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. Mar-Apr 2016;31(2):439-47.
doi: 10.11607/jomi.4054.

The Use of Photofunctionalized Implants for Low or Extremely Low Primary Stability Cases

The Use of Photofunctionalized Implants for Low or Extremely Low Primary Stability Cases

Hajime Kitajima et al. Int J Oral Maxillofac Implants. .


Purpose: The objective of this study was to examine the success rate and development of implant stability of photofunctionalized implants with low and extremely low primary stability.

Materials and methods: Primary implant stability was evaluated by measuring implant stability quotients (ISQs) at placement (initial ISQ). Of 301 consecutive implants placed over 2 years, 55 implants (in 38 patients) with initial ISQs less than 60 were included. All implants were photofunctionalized by chairside treatment with ultraviolet light for 15 minutes using a photo device immediately prior to placement, and the generation of superhydrophilicity and hemophilicity was confirmed. The rate of implant stability development was evaluated by calculating the osseointegration speed index (OSI), defined as the ISQ increase per month.

Results: Most of the 55 implants (90.9%) were in complex cases and placed in site-developmental sites with simultaneous or staged guided bone regeneration and/or sinus elevation or fresh extraction sites. The success rate was 98.2% after 2 to 3 years of follow-up. The ISQ for all implants was 50.4 ± 7.7 at placement and 74.3 ± 5.7 at stage-two surgery (P < .001) after an average of 7.1 months of healing. All ISQ values were greater than 60 at the stage-two surgery. ISQ increases were inversely correlated with initial ISQ (R = 0.789) and resulted in consistently high ISQs at the stage-two surgery regardless of the degree of the initial ISQ. Implants with absent primary stability for which ISQ measurement was not possible at placement also attained ISQs of 75 or greater at the stage-two surgery. The OSIs of low initial stability (55 or lower) implants ranged from 3.9 to 4.7, which was considerably higher than the OSIs of as-received implants reported in the literature (0.36 to 2.8).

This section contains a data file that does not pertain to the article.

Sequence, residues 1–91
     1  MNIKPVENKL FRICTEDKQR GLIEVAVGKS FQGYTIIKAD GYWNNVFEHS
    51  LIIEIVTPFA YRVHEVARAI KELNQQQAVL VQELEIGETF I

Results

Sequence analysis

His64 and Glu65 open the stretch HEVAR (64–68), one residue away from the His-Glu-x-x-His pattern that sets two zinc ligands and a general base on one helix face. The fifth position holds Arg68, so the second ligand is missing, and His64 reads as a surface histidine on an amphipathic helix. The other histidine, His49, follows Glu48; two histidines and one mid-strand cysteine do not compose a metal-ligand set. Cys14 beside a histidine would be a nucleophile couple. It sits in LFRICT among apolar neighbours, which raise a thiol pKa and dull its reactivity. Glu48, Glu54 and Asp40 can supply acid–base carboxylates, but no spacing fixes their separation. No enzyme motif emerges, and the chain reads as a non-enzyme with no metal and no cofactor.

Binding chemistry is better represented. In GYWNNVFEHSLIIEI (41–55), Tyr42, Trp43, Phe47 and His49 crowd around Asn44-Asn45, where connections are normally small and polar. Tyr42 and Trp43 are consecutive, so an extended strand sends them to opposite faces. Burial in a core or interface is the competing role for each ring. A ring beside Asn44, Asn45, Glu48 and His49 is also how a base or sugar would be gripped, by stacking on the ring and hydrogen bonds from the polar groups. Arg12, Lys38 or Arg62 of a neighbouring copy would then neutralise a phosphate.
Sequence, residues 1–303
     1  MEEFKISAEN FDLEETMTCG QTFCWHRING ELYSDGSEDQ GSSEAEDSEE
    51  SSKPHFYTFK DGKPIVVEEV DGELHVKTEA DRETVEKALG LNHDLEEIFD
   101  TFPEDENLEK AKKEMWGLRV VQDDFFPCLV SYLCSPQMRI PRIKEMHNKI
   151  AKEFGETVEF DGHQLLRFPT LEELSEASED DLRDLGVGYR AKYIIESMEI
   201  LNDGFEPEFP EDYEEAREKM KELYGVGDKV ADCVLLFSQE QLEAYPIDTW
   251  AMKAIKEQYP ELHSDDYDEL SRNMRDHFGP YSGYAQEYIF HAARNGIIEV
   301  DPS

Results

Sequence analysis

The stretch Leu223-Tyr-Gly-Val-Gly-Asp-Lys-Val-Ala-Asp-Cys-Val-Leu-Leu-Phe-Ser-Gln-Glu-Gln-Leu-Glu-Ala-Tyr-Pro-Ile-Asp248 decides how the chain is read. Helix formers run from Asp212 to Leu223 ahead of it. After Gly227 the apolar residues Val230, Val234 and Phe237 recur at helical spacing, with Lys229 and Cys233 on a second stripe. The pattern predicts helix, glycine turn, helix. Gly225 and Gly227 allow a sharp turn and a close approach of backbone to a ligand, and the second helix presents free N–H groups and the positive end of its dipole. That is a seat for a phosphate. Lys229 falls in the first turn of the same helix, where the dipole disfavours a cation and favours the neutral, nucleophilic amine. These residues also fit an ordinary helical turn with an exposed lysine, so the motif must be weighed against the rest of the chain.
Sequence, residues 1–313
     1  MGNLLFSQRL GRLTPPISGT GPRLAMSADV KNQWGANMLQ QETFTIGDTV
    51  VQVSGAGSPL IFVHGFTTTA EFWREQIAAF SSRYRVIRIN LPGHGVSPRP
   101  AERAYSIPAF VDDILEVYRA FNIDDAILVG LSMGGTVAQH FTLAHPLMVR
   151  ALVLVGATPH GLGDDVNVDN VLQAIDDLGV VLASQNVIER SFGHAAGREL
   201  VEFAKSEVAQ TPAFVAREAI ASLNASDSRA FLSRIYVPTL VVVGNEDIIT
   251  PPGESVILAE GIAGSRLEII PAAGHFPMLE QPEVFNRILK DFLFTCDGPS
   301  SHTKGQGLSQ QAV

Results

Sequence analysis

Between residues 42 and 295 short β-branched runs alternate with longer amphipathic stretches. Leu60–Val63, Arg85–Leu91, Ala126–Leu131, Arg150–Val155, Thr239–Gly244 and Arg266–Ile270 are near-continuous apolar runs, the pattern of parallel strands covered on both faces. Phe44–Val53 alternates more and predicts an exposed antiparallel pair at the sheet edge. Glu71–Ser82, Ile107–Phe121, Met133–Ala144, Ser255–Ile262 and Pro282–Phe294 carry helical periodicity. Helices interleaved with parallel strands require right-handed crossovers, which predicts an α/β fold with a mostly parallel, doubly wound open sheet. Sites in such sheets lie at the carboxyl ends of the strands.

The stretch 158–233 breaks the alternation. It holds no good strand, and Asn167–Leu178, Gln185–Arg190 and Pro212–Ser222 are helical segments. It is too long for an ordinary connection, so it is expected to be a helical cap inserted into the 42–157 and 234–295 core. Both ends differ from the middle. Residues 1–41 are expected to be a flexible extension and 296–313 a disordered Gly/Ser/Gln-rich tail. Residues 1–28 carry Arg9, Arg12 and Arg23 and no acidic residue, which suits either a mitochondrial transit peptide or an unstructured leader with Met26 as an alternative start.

Conclusion: Photofunctionalized implants placed with low, extremely low, or absent primary stability showed a high success rate, which was corroborated with a rapid increase in implant stability during the healing. Photofunctionalization was more effective for implants with lower primary stability, indicating that the technology was particularly effective in mitigating the challenging conditions.

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